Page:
Will Republicans Follow No 'Obama Bashing' Request at RedState Gathering?
Republican presidential candidates are being discouraged from bashing Obama—one of their favorite targets—at at a conservative summit in August.
Erick Erickson, the editor-in-chief of the conservative website hosting the RedState Gathering, has made what may seem like an odd request of GOP hopefuls who will participate in the August 6-9 presidential forum held in Atlanta, Georgia: lay off the anti-Obama rhetoric.
"We do not need Obama bashing," Erickson said in a post on RedState. "We need to know what they would do differently and how they would shape the nation. They should be elected not on their ability to bash the opposition, but their ability to sell a vision for the future that resonances with the base and the nation as a whole. We do not, right now, need a 50 point plan. We need to know what they see as the areas that need fixing and how their fixes will reshape the country."
Wisconsin Governor Scott Walker, former Texas Governor Rick Perry, Louisiana Governor Bobby Jindal, former Hewett-Packard CEO Carly Fiorina, and former Florida Governor Jeb Bush are all scheduled to speak at the event, with Bush even opting to attend it in favor of the Iowa Straw Poll. Former Arkansas Governor Mike Huckabee, Texas Senator Ted Cruz, Florida Senator Marco Rubio, and Kentucky Senator Rand Paul have also been invited, but have yet to confirm. It also remains to be seen whether that group will be able to keep itself from indulging what has become a GOP article of faith, framing nearly each and every issue in terms of their own opposition to the way Obama has governed.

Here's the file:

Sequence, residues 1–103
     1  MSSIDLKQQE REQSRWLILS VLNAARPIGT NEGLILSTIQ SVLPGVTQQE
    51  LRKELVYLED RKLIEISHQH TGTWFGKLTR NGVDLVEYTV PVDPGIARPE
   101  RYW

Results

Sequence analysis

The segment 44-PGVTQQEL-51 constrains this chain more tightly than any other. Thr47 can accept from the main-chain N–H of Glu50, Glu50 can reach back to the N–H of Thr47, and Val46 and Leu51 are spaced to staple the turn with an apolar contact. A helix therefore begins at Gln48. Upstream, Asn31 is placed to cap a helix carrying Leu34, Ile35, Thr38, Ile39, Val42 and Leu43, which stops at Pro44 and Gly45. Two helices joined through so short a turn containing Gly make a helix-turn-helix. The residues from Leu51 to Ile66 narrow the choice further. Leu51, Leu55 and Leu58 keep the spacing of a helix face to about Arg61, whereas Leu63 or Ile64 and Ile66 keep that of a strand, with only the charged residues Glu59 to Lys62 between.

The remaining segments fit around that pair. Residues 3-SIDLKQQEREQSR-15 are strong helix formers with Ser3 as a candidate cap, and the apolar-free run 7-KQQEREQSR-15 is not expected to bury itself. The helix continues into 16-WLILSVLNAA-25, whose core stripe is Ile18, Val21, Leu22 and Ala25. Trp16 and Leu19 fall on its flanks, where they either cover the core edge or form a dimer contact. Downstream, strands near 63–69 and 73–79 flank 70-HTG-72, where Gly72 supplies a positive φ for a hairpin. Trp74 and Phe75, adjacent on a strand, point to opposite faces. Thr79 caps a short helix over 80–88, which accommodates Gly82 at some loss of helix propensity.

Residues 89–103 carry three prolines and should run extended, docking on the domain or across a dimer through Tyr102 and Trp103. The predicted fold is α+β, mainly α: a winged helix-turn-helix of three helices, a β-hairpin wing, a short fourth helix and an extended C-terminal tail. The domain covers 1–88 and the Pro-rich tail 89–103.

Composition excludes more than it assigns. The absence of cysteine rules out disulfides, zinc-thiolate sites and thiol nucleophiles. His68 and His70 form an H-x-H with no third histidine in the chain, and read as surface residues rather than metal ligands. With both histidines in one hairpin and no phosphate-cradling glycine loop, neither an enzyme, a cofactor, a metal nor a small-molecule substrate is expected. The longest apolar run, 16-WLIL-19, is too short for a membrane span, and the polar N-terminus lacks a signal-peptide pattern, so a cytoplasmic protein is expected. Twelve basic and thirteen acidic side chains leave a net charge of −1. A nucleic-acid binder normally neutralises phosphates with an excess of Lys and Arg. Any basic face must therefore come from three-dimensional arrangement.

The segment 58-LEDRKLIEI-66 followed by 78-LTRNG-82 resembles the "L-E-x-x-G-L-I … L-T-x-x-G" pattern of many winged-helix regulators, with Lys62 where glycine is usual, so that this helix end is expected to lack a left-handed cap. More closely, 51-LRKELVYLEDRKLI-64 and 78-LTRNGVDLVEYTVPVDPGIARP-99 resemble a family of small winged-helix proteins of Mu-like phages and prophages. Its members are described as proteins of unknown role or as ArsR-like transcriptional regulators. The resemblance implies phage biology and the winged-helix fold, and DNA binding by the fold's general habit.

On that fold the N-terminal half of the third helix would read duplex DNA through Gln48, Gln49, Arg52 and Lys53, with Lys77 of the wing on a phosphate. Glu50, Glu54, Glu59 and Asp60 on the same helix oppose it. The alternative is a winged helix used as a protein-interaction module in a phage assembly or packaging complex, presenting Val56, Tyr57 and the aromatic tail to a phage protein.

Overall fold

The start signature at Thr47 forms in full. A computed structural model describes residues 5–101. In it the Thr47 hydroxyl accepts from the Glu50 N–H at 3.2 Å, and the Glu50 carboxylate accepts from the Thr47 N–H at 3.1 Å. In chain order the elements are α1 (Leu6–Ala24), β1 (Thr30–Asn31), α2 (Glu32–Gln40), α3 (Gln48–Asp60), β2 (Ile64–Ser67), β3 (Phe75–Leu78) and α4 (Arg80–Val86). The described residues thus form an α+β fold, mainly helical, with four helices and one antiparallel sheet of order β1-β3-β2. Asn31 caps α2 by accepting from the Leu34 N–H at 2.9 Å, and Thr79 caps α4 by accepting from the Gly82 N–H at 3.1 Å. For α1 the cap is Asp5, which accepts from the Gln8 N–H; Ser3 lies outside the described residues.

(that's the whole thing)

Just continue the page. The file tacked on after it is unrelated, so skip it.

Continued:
Some political observers, like National Journal's Ron Fournier, are already applauding Erickson's idea.
"It's a great concept—and organizers of the general election debates should steal it," Fournier wrote in a post on Tuesday. "Force presidential candidates to dispense with their button-pushing talking points and face the challenges of 2020 and beyond. Put them on record with first- and second-term promises. Challenge them to think through and articulate the multiple stages of problem-solving. Make them publicly grapple with tensions between short-term gains and long-term needs. Encourage them to describe their theories on leadership and management."
Of course, Erickson made no similar request about the GOP's second-favorite target, Democratic front-runner Hillary Clinton.
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